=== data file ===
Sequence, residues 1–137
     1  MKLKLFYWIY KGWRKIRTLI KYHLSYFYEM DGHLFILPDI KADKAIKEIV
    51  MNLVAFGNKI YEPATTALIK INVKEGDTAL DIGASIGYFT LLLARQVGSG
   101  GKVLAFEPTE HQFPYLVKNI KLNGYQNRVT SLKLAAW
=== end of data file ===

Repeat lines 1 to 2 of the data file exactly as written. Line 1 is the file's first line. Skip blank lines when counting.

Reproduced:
Sequence, residues 1–137
     1  MKLKLFYWIY KGWRKIRTLI KYHLSYFYEM DGHLFILPDI KADKAIKEIV